Cardiff and Vale University Health Board say it has had to cancel more than 200 MRI scans since 2014 due to patients being obese.

The health board has now brought in a mobile scanner to try and tackle the problem.

Health chiefs have warned that obese patients could be putting their own lives at risk if they can’t get scans to spot life-threatening illnesses.

MRI scanners are used to detect a number of internal illnesses, injuries or conditions and are a vital tool for doctors wanting to diagnose ailments.

Standard sized scanners have a tunnel measuring 68inches in diameter and it’s understood most hospitals put a 25stone limit on patients entering them.

But Britain’s growing waistlines is piling on pressure on radiographers.

A spokeswoman for the Cardiff and Vale health board said: “We do our very best to ensure that all Radiology patients have equity of service.

“Patients who require a conventional MRI scan should fall within certain parameters, the scanner table holds a maximum weight of 25 stone and the bore of a conventional MRI scanner is 68 inches.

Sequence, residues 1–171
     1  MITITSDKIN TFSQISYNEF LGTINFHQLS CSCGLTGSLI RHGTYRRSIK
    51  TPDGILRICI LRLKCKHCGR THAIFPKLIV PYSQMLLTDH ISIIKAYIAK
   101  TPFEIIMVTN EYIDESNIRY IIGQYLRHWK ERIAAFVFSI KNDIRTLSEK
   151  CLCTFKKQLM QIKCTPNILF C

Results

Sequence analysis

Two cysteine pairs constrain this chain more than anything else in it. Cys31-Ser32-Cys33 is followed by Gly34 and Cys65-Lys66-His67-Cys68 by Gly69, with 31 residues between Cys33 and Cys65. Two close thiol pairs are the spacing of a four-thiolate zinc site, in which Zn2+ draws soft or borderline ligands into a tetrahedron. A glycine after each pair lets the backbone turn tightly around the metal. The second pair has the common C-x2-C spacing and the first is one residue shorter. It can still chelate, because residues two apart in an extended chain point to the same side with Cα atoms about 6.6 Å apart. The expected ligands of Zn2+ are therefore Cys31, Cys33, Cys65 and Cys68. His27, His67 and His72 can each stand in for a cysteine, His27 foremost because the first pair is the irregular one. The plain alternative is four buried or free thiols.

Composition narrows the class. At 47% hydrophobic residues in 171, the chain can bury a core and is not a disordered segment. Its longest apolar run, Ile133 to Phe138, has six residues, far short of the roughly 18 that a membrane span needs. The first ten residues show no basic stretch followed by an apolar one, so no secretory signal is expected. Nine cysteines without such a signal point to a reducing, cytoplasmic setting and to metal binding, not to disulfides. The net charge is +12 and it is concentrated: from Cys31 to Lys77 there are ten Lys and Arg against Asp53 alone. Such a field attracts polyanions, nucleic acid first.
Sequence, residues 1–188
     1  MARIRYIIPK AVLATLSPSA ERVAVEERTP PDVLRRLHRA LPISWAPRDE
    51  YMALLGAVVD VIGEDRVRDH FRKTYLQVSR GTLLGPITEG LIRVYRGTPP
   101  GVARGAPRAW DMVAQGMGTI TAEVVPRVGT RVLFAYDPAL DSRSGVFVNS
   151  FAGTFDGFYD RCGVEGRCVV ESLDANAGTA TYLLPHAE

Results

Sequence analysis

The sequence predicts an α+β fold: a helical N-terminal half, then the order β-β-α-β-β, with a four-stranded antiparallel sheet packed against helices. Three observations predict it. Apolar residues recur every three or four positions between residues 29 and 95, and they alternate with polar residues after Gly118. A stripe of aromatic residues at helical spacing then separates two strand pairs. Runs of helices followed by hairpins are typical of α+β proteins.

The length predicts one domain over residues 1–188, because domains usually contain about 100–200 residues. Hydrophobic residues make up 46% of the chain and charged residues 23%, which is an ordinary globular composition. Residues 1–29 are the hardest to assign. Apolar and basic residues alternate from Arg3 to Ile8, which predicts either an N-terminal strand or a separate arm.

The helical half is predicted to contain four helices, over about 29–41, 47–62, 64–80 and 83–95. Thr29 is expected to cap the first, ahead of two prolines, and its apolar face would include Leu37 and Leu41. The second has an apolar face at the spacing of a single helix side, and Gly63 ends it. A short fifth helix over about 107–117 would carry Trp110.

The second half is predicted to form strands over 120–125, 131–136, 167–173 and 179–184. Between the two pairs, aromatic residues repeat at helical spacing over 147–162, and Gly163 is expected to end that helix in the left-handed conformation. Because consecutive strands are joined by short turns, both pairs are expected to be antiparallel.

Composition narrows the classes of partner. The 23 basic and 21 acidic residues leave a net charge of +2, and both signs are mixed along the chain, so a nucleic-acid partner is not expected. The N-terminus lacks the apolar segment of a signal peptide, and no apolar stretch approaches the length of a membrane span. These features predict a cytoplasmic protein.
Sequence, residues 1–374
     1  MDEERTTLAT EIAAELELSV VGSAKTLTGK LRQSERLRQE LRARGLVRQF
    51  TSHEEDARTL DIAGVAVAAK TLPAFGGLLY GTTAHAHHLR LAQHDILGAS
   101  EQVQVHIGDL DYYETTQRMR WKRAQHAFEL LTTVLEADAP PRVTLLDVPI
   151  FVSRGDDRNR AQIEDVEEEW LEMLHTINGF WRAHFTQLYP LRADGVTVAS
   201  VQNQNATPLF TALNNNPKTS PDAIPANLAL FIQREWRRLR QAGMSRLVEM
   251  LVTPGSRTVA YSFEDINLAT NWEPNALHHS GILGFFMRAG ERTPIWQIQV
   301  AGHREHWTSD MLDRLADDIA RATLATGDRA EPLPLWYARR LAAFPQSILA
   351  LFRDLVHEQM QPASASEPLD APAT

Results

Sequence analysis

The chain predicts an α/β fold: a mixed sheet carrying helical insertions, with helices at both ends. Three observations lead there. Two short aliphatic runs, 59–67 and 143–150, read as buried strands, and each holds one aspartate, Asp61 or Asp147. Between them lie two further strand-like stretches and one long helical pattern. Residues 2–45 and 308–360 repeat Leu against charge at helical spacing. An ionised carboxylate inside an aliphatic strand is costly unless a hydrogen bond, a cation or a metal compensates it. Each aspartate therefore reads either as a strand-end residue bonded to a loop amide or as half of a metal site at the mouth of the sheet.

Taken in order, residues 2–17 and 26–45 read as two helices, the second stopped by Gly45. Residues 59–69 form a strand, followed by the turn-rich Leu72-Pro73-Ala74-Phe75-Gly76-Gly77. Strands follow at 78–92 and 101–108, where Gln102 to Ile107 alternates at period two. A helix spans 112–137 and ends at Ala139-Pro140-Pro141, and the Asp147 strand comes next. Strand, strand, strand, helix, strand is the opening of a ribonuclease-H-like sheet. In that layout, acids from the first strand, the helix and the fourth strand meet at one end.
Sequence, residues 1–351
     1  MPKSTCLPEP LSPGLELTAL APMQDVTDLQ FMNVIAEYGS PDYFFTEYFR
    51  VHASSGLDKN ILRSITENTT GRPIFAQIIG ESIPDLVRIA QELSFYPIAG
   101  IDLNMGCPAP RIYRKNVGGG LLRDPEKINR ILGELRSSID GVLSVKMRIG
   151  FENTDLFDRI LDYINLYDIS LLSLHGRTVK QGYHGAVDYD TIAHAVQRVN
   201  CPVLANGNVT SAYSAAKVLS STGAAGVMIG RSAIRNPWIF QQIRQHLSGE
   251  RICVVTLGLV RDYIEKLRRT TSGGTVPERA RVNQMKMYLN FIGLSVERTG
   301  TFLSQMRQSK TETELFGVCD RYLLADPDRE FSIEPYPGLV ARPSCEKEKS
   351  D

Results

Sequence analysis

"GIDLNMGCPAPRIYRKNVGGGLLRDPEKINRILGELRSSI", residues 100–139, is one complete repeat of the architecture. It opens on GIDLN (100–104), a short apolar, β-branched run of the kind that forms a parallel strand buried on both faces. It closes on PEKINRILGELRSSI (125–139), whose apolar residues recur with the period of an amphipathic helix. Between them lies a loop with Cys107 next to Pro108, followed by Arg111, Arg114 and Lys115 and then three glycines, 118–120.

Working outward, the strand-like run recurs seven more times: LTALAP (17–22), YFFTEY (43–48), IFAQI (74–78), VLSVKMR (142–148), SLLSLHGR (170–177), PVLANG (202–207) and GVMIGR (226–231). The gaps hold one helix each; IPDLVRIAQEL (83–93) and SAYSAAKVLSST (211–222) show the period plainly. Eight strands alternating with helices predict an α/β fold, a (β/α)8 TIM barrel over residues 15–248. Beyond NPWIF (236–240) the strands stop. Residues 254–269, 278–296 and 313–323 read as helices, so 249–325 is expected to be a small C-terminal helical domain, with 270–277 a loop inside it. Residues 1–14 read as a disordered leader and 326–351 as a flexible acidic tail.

“We have recently implemented mobile MRI lorries which have a wider bore than conventional scanners.

“This process does not prevent patients outside of these parameters from receiving an MRI scan as those who are not suitable for a conventional MRI scan are referred for an open MRI scan instead.”

Sioned Quirke, of the British Dietetics Association, said: “The statistics are quite clearly showing increasing rates of obesity but services and equipment doesn’t seem to be growing in line with that.

“You’re now in the minority if you’re a healthy or normal rate and our waistlines are catching up with America.”

Richard Evans, chief executive officer of the Society of Radiographers said: “There are a lot of reasons not to become overweight and one might be that you need a scan that you cannot have.

“There are a number of other reasons not to get overweight in the first place, such as the increased risk of heart disease.

“It causes inconvenience to waiting lists - particularly if it’s not clear the patient will not fit in the machine until the day of the appointment itself.

“Then there is the additional problems that come with rearranged appointments such as the added costs to the NHS.

to the NHS when services are already under such pressure.”